Having a car provides a universal sense of freedom; the ability to travel anywhere you like, whenever you like. Trouble is, it can be stressful when driving somewhere you aren’t used to, and that feeling is even more intense when you’re in a completely different country!
Driving On The Other Side Of The Road
If you’ve been living in a country like the UK for a significant portion of your life, you’ll be used to driving on the left-hand side of the road. However, the large majority of Europe drive on the right-hand side of the road which can take some getting used to. When you’re driving along roads which are brand new to you, it’s easy to slip up and end up on the wrong side of a confusing junction.
Junctions in certain countries like Greece aren’t always well-marked so be sure to take things slow and keep an eye on your surroundings. If you’d find it more confusing to be driving on the left – don’t worry – it’s highly unlikely you’ll encounter this, as only four countries in Europe still drive on the left – Cyprus, Ireland, Malta and the UK.
Getting Used To Using Mph/Kph
Most digital speedometers can be easily changed to display the desired unit of speed however in the event your car doesn’t have a digital speedometer, check the inside band of your manual speedometer – it will display both units of measurement on opposing sides of the dial.
It’s important to keep an eye on nearby road signs to avoid speeding fines – another thing which European countries are strict on. Distractions can also be a major issue – according to a recent survey from UK based car leasing firm All Car Leasing, listening to loud music can reduce your focus and increase the chances of getting a speeding fine.
Low Emission Zones (LEZ)
This is a relatively more modern problem. If you’re visiting the UK, there are certain parts of the country which charge for driving through in a car which emits a certain amount of carbon emissions, this charge can vary depending on the type of zone you’re in. London recently announced an ultra-low emissions zone (ULEZ) which is even stricter.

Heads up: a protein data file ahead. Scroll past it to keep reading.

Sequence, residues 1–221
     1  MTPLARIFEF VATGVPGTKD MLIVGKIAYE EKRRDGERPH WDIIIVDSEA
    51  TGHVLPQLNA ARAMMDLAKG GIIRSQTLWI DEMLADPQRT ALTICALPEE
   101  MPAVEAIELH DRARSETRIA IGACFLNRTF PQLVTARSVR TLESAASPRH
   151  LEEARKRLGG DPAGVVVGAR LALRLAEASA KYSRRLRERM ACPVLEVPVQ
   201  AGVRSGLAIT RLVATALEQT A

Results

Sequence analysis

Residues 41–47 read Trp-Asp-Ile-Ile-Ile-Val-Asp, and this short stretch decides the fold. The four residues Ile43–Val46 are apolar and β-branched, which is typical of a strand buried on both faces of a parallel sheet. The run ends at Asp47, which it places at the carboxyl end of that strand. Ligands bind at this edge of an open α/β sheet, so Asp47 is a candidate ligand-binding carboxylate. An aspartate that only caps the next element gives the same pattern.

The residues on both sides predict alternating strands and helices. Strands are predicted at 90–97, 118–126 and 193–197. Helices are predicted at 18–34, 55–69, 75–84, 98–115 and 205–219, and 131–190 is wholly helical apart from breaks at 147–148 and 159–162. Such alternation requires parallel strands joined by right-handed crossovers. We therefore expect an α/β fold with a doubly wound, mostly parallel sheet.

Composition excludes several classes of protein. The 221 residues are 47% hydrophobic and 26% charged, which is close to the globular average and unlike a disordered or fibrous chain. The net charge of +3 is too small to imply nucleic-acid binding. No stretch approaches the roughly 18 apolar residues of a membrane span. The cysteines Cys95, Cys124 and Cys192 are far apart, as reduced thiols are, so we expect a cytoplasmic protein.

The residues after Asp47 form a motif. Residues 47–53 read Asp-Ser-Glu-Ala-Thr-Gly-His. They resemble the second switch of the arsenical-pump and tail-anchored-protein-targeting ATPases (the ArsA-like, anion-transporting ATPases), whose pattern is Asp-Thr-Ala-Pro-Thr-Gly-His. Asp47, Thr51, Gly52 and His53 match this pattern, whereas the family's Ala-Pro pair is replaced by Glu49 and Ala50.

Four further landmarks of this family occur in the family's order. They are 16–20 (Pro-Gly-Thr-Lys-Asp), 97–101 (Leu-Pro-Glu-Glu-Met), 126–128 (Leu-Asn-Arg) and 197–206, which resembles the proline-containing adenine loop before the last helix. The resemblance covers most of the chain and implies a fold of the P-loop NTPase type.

This isn’t something to be confused with tourist traps, the UK government is cracking down on the pollution caused by heavy congestion in inner-city locations like London but it’s easy to wander in to one of these zones accidentally.
Congestion charge zones cost £11.50 per day if you pay on the day of travel – this gets upped to £14 if you were to pay the following day. The cost of driving through a ULEZ is £12.50 per day.
Other Drivers May Intimidate You
This isn’t something unique to a particular country, but since you’re likely going to be driving slightly slower than the locals which are used to their roads, you may end up with the occasional tailgater. Don’t invite any road rage by brake checking them – the last thing you want is to end up in an accident in an unfamiliar country, nor do you want the police showing up to any confrontations resulting from further aggravating other drivers.
The most you can do is just be accommodating to others around you – it’s stressful driving in places you don’t know, just don’t hog the middle lane of a motorway or drive the wrong way around a roundabout and you’ll be fine.